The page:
If you are proactive in trying to manage your condition, you’re seen as ‘coping’ so get less support or told to go away and come back in X months. A couple of my friends have been told that ‘depressed people wouldn’t be able to do that’ when they’ve discussed their strategies. The other side of it is, if you do nothing and leave it to the professionals, you’re often told you’re not doing enough to help yourself. It’s a double edged sword.

You’re made to feel like you’re ‘different’.

I get a lot of appointment letters from 4 different hospitals, 3 different trusts and various other medical people. But the only ones which come with ‘PRIVATE AND CONFIDENTIAL’ all over the front are the mental health ones. So automatically I feel like having a mental health problem is something to be secretive about. Which is stupid I know, but shouldn’t all my appointments either be private and confidential or otherwise? I can’t explain it, and it possibly is me being oversensitive, but being in that part of the hospital(s) feels weird. 

Other HCPs judge you.

They do. They see the medications you take or see ‘depression/anxiety’ listed and sometimes don’t take your physical illness as seriously, ‘blaming’ your problems on your mental illness. The amount of times I’ve had an asthma attack but been told it’s an anxiety attack (when it’s not) is ridiculous. Or I tend to cry when I have an adrenal crisis because my hormones are not functioning properly and it’s sometimes implied by people who don’t know the condition that I need to ‘get a grip’ of my anxiety, whereas actually it’s my physical illness causing it.

There’s a lot of admin.

Lots of mental health services operate under self referral systems, meaning you have to sort it out yourself. Which is the last thing you want to do when you’re feeling overwhelmed, and quite often the forms sit on my desk until someone makes me do it. Particularly if it means ringing people on the phone. Then you’ve also got to remember to be the liaison between your GP/hospital which can also be hard work.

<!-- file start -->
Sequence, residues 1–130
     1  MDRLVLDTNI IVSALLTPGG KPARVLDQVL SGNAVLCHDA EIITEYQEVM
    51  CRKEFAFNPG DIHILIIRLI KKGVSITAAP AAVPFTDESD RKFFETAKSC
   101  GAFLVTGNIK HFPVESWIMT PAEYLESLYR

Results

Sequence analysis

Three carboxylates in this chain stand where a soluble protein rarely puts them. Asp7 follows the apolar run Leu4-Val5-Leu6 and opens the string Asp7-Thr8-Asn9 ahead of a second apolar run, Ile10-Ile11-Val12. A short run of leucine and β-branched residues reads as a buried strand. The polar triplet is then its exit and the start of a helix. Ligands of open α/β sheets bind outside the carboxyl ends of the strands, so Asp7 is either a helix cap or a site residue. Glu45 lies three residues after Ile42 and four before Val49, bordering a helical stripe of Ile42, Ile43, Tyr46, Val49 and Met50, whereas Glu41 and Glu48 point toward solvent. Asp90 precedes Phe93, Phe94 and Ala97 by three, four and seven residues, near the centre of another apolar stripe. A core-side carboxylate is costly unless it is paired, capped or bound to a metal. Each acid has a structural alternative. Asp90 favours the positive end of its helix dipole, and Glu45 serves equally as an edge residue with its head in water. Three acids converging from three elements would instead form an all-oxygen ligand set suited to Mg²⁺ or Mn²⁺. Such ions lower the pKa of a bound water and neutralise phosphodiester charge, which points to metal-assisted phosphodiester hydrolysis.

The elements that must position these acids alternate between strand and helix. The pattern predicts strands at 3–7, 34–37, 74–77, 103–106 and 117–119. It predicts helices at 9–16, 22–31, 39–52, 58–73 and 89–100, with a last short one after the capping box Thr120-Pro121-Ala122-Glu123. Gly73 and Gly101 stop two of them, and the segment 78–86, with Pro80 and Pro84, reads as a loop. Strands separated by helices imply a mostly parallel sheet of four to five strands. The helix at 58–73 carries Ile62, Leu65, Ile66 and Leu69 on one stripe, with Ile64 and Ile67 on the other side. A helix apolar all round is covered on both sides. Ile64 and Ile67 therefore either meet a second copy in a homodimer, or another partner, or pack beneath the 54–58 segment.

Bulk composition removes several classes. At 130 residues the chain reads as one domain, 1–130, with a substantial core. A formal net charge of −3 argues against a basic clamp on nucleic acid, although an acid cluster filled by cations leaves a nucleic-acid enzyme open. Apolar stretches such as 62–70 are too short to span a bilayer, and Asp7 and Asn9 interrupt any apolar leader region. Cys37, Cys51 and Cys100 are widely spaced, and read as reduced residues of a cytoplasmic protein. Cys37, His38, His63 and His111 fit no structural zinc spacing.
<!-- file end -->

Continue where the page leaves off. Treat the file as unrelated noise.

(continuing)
Limited sessions.

Like everything on the NHS, treatment is free but there are limited resources. Some therapies come with a limited number of sessions. With a physical illness, you can say ‘this isn’t working, let’s try something else’. With a mental illness, you might spend all of those sessions getting comfortable with your therapist and only just start making headway when you’re told ‘you’ve had your sessions, you need to be re referred or moved to a different service’. Even if you end up with the same practitioner, that gap in waiting can be the difference between progress made and negative progress. And it’s another waiting list…

Lots of people dislike visiting their doctor for physical illness, but it’s so much tougher going for an appointment for a mental health problem. You feel like you’re a failure, that you should just ‘get over it’ and, to a degree, a level of shame. Taking the step to ask for help is hard enough, let alone with extra hoops to jump through. Mental health impacts on physical health and vice versa, but there doesn’t seem to be joined up thinking between the two when accessing healthcare at the moment.